Tuesday, August 31, 1999

Emery fix-up in the wings


Team works to bring 1911 gem into the 21st century

BY JANELLE GELFAND
The Cincinnati Enquirer

[emery]
Robert Howes, chairman of the theater operations committee, looks down from the Emery Theatre balcony.
(Enquirer file photo)
| ZOOM |
        A team of experts aims to bring the historic Emery Theatre into the 21st century.

        Three consultants — a theater expert, an acoustician and an organ consultant — are preparing recommendations for the remake of the Over-the-Rhine theater that the legendary conductor Leopold Stokowski once compared to Carnegie Hall. Foremost will be preserving the fine acoustics and historic status while bringing the venue up to current standards.

        “It needs to be brought into the 20th and 21st century as far as accommodations for patrons and performers,” says theater consultant Steven Friedlander, vice president of Auerbach & Associates.

        His San Francisco and New York-based firm, which worked on the $88.5 million makeover of San Francisco's War Memorial Opera House, is joined in the Emery project by the renowned acoustical firm Kirkegaard & Associates of Chicago and organ expert David Weingartner of Dayton, Ohio.

        The cost of rehabbing the space will depend upon this team's recommendations to the theater operations committee, chaired by Robert Howes, Cincinnati Symphony Orchestra violist.

        “We will evaluate them, then make a final recommendation to the Emery Center Board, as to what should be done,” Mr. Howes says.

        The tab is now estimated at $13 million to $15 million, says Stuart Fabe, executive director for the Emery Center Corp.

        “The hall has to meet the needs of opera, symphony, chamber, jazz, popular productions, shows — it's truly a multipurpose venue,” says acoustician Carl P. Giegold, associate senior consultant with Kirkegaard. “That introduces technical and acoustical challenges that we will consider carefully as we develop a design.”

        The challenge, Mr. Friedlander says, will be “to get all the technical equipment needed for theatrical and classical music performance into the box.”

        The team is looking at ways to increase the amount of open stage area and to improve the loading efficiency to the stage. A symphony or chamber music performance would need an acoustical shell, one that could be removed quickly to set up an opera performance the next day. Opera needs include improved backstage areas and an enlarged orchestra pit.

        They are also looking at ways to improve sight lines from the audience to the stage, and to provide the best listening experience from all seats. For example, the space directly under the balconies, traditionally an acoustically poor environment, may have to be altered. The consultants say they also will make suggestions about lobby space and stair access to the balconies.

        “We're not necessarily restricting ourselves to the current arrangement of seats,” Mr. Friedlander says.

        Kirkegaard, the acoustical consultant for Cincinnati's Aronoff Center and the recent renovation of Chicago's Orchestra Hall, has visited the Emery to analyze the sound. For instance, because good resonance is necessary for any hall presenting live music, Mr. Giegold measured the reverberation time by popping big red balloons.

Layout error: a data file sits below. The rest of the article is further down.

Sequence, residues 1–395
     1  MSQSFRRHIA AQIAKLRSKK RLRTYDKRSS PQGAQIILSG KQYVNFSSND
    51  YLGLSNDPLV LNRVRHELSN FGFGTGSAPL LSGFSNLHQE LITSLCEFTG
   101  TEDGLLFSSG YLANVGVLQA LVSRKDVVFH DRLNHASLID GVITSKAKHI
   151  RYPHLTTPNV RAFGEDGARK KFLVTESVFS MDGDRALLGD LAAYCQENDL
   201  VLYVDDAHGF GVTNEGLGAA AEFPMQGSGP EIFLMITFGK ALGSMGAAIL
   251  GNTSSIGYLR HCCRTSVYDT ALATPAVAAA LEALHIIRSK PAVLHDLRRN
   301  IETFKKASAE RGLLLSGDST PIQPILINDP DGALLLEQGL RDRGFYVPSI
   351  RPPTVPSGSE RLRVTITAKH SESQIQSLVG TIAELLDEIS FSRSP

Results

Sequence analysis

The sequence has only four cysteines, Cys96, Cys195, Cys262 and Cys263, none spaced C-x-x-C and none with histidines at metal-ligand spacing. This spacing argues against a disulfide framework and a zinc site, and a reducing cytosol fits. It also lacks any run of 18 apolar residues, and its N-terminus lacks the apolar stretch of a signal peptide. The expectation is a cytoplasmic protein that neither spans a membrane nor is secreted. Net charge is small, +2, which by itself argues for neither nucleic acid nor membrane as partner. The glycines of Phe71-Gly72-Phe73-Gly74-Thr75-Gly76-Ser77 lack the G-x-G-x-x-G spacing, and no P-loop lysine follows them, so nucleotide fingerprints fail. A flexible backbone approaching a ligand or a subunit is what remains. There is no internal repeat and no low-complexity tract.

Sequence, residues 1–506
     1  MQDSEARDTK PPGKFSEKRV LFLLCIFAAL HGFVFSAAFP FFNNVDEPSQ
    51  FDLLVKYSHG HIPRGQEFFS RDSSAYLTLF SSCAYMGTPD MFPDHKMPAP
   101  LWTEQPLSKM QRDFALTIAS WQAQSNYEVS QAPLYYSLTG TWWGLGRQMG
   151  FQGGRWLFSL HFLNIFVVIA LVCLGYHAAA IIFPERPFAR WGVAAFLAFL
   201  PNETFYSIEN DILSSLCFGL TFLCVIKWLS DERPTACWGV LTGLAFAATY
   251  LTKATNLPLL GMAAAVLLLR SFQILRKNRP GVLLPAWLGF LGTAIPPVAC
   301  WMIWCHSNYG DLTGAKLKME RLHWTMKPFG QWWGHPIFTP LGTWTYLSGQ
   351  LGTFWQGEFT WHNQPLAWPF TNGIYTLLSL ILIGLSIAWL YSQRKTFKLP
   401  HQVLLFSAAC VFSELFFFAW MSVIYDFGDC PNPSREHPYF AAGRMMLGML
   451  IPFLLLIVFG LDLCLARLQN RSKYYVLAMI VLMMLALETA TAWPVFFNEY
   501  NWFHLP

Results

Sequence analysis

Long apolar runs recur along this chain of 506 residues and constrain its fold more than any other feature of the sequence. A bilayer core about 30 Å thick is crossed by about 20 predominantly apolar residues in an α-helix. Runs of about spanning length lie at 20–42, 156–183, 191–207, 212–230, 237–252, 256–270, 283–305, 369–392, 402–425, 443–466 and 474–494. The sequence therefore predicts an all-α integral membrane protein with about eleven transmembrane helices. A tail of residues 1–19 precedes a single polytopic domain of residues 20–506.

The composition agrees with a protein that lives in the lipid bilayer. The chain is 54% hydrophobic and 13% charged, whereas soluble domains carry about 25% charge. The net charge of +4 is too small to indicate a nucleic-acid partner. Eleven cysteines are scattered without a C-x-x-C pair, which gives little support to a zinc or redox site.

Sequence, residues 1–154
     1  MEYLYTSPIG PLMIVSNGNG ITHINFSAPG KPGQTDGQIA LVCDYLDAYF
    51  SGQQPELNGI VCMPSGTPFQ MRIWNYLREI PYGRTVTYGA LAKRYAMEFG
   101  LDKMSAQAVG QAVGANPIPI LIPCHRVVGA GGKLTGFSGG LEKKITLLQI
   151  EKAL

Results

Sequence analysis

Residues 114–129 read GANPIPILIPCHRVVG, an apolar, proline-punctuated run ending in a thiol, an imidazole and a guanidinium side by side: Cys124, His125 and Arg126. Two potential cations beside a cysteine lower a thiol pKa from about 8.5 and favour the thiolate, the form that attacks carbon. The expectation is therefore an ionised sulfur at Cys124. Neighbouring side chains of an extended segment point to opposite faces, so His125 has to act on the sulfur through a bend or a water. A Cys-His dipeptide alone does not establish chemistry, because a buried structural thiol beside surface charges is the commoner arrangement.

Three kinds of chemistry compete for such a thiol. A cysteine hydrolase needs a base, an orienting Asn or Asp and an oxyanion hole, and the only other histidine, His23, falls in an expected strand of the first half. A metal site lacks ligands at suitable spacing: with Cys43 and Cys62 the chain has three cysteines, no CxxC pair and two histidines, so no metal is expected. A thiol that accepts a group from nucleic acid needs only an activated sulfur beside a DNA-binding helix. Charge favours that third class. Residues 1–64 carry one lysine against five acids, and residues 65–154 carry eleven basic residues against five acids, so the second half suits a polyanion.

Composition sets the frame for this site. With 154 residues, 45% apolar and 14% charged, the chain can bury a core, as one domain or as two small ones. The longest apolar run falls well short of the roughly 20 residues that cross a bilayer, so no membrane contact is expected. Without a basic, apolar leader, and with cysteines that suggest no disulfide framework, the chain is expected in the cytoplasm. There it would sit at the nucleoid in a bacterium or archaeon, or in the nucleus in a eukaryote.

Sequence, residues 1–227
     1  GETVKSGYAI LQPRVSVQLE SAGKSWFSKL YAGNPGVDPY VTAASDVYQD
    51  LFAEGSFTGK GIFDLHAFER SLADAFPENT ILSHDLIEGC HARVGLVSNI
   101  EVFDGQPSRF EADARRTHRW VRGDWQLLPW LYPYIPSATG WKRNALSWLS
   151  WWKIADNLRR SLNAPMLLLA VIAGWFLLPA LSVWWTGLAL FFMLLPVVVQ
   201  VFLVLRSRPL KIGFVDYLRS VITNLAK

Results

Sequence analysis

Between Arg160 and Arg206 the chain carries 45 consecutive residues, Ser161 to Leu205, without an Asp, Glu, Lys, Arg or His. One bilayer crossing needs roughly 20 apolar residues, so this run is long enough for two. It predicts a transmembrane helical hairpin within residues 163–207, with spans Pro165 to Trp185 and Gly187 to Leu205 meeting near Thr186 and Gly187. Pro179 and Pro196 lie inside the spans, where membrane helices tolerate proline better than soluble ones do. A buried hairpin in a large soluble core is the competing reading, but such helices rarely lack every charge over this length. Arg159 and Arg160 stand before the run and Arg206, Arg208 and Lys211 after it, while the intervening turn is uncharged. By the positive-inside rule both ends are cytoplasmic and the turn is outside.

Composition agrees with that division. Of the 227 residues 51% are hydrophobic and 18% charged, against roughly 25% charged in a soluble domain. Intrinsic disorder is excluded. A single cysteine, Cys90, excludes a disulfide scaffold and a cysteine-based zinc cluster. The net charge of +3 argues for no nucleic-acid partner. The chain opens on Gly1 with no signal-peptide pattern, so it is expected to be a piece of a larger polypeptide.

The acoustician's initial impression is that the listening experience could be “intimate” and “quite plush.”

        “If carried out successfully, there will be a sense of excitement, a sense of involvement and envelopment that the audience will feel,” he says.

        Another part of the mix will be determining how to accommodate the Emery's historic Wurlitzer pipe organ, which was saved from the old RKO Albee Theater. It is cared for by the Ohio Chapter of the American Theatre Organ Society.

        The organ, now on a fixed platform, will be made movable, Mr. Weingartner says. It will be stored under the stage when not in use. The organ pipes, now housed in onstage chambers, will be moved the sides of the proscenium. @subhed:Only midsized theater @body:A critical part of the process will be “to see how the Emery fits into the performing arts landscape in Cincinnati,” Mr. Friedlander says. With proposed seating after the renovation at 1,700, the Emery would be the city's only midsized theater, filling a longstanding gap among performing venues.

        Several arts groups have expressed an interest in using the theater, including Cincinnati Opera and the Cincinnati Chamber Orchestra.

        In July, trustees at the University of Cincinnati, which owns the site, agreed to negotiate a lease with the supporters of the Emery Theatre, thus allowing the project to move forward. The plan includes conversion of the former College of Applied Science building next door to market-rate housing, expected to cost $9.6 million.

        The group has raised $2.23 million and will announce the public part of its capital campaign next month.

        The Emery Theatre, built in 1911, started as an auditorium for the Ohio Mechanics Institute, which later became the Ohio College of Applied Science. That college merged with the University of Cincinnati in 1969.

        For 24 years, it was the home of the Cincinnati Symphony Orchestra (1912-36).

        Behind the crumbling plaster, peeling paint and disrepair “there is a beautiful hall and a wonderful listening experience that can be developed in this building,” Mr. Giegold says.

        Mr. Friedlander agrees. “I've been in a lot of theaters that have been closed down and fallen into disrepair. I'm always pleasantly surprised at how much can be done to bring them back,” he says.

       



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